Go Back  Bike Forums > Bike Forums > Training & Nutrition
Reload this Page >

How to lose weight. Any advice?

Training & Nutrition Learn how to develop a training schedule that's good for you. What should you eat and drink on your ride? Learn everything you need to know about training and nutrition here.

How to lose weight. Any advice?

Old 10-29-22, 01:57 PM
Join Date: Jun 2015
Location: Land of Pleasant Living
Posts: 11,567

Bikes: Shmikes

Mentioned: 58 Post(s)
Tagged: 0 Thread(s)
Quoted: 9592 Post(s)
Liked 5,370 Times in 2,885 Posts
Originally Posted by hcova
Hi there.
It seems that we need to teach to our body to increase the fat oxidation.
I found this article.
Couzens’ big thing is aerobic training. That increases fat oxidation as a proportion of energy expenditure, but doesn’t really have much to do with weight loss per se. I would encourage anyone to follow his training advice, which is top notch, but for weight loss it’s just under-fuel and over-burn.

MoAlpha is offline  
Old 10-29-22, 03:22 PM
just another gosling
Carbonfiberboy's Avatar
Join Date: Feb 2007
Location: Everett, WA
Posts: 19,211

Bikes: CoMo Speedster 2003, Trek 5200, CAAD 9, Fred 2004

Mentioned: 114 Post(s)
Tagged: 0 Thread(s)
Quoted: 3736 Post(s)
Liked 1,750 Times in 1,271 Posts
Originally Posted by Leisesturm
You aren't going to teach a 60y.o. body much, if anything new. I weighed 203 (but liked it) several years ago. Then I got the Flu (no Covid then) and wound up 185(!) after it was all over. Worked back up to 195, which is kind of where I like to be. Just got sick again, and I can tell I've lost significant weight but don't have a scale at home and haven't been back to the gym yet. For anyone with weight to lose I can recommend The Flu as a sure fire way to drop significant weight for as long as your fever runs. Keeping it off means some denial in your future. Sweet things are out: cakes, cookies, pies ... dead to you. Don't kill yourself though. Cheat once a month or so or you will FAIL. A gym membership is just about mandatory since it isn't always possible to bike. Me and mine are pretty good about riding in rain and the dark and extreme cold but even we have to draw the line at glare ice on the road! So access to cardio equipment and, yes, weights, is necessary to maintain a neutral calorie situation over the longer term.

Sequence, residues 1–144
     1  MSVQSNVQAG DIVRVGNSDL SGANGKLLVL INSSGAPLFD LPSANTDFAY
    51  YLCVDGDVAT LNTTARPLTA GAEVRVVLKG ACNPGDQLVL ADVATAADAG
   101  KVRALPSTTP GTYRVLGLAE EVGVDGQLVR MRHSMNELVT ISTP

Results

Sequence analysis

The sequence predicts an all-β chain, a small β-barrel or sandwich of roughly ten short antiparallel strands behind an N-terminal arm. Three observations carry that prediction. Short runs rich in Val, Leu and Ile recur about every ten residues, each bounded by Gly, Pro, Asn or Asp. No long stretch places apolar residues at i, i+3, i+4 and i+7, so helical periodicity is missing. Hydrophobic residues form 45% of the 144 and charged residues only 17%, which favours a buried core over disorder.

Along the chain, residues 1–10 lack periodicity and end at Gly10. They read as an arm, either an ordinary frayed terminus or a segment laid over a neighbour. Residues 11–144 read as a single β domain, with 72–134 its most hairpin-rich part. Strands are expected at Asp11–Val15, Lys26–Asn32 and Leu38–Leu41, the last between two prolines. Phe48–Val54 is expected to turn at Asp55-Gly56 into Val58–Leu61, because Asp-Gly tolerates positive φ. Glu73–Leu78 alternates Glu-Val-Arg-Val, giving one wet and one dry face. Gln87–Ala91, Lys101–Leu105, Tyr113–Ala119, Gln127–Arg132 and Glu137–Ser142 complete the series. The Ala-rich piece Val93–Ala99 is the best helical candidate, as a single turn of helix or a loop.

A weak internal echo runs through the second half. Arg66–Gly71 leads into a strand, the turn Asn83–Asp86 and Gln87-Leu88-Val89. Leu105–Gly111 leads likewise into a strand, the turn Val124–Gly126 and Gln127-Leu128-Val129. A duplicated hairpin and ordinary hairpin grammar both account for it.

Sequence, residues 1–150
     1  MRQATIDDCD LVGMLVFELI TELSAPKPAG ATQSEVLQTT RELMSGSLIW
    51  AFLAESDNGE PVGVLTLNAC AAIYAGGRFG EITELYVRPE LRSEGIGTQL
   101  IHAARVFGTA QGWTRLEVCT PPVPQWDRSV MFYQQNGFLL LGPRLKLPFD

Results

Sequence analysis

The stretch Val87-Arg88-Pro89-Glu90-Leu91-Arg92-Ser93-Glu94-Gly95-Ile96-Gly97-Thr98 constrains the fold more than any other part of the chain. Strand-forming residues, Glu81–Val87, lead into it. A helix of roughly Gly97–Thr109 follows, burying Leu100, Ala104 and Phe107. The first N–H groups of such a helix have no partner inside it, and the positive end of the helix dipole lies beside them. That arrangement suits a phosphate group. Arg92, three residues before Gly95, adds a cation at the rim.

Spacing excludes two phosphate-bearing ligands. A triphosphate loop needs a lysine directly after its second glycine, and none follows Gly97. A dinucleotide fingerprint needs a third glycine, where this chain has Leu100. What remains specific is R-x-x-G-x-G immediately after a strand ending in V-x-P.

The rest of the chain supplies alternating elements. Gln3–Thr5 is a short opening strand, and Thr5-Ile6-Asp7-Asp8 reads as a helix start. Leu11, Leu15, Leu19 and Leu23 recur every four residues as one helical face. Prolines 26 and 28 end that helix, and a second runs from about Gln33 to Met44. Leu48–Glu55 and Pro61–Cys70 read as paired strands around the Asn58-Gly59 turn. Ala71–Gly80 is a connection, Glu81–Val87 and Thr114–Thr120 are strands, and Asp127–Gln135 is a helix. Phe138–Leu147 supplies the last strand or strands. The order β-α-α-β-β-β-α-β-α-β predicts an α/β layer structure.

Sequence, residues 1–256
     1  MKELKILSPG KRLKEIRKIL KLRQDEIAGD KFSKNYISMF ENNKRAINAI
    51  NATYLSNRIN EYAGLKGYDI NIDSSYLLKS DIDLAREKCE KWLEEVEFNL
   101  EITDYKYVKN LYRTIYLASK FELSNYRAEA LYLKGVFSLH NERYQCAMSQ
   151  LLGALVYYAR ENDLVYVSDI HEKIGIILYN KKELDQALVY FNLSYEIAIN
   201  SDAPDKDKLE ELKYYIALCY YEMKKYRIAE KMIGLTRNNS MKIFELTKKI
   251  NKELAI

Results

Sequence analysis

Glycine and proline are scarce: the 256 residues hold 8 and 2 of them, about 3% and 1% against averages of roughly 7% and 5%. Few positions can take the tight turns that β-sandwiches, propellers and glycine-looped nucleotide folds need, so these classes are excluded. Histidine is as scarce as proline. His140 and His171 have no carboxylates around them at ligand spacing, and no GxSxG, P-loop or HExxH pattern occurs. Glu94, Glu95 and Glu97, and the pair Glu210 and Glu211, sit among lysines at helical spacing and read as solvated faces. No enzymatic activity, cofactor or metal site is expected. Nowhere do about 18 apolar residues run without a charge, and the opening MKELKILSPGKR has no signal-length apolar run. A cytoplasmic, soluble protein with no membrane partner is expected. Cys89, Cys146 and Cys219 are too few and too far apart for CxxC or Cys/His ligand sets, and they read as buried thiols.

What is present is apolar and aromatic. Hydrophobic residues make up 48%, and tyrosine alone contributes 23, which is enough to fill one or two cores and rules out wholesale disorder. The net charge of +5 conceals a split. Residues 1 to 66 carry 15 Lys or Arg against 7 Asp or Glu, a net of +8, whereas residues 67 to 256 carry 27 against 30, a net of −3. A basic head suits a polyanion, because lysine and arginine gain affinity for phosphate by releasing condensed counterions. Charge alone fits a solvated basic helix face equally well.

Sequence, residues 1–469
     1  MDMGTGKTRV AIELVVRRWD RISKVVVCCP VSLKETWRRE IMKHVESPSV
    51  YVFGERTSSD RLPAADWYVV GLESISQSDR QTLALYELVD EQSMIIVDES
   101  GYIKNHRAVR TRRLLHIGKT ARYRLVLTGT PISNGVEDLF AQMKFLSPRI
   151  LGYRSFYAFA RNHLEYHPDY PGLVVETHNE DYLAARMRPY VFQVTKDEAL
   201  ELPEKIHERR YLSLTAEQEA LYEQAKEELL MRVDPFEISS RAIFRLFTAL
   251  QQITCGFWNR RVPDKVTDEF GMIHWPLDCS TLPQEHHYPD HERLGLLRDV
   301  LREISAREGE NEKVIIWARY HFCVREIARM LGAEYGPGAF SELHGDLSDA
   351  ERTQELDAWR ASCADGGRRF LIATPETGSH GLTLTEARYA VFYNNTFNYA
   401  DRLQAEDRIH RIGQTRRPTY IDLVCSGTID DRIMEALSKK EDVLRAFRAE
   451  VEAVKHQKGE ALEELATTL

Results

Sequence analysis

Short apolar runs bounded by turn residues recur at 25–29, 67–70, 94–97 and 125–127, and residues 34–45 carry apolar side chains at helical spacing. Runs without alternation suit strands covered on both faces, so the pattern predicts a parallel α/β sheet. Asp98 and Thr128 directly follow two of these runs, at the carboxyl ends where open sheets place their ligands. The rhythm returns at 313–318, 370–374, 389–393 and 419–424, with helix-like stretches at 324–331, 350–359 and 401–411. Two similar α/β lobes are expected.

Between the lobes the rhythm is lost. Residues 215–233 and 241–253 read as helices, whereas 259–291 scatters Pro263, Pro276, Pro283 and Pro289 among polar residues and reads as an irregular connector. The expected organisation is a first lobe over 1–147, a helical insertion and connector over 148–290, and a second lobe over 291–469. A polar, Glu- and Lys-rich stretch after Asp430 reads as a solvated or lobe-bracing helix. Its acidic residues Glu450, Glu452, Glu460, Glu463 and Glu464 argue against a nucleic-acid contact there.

We quit almost all rain riding at about 70. Enough already.
Results matter
Carbonfiberboy is offline  
Old 10-30-22, 11:25 AM
Senior Member
PeteHski's Avatar
Join Date: May 2021
Posts: 6,364
Mentioned: 9 Post(s)
Tagged: 0 Thread(s)
Quoted: 3239 Post(s)
Liked 3,539 Times in 2,233 Posts
Originally Posted by hcova
Thanks a lot for your reply.
My problem is the anxiety I feel. So I eat anything, specially at night after my training workouts.
I weight 207 lbs .
My target weight should be 187 lbs.
Warm regards
20 lbs should be easy enough with a bit of simple calorie counting. An App such as MyFitnessPal would probably work. Just put in your details, target weight loss and it will provide you with the appropriate calorie deficit to get there and an easy way to log your intake. The simple fact that you currently eat "anything" implies that you could easily cut out a few calories. I've successfully lost 20 lbs in this way over several months. You don't even need to count calories after the first few weeks once you establish a baseline.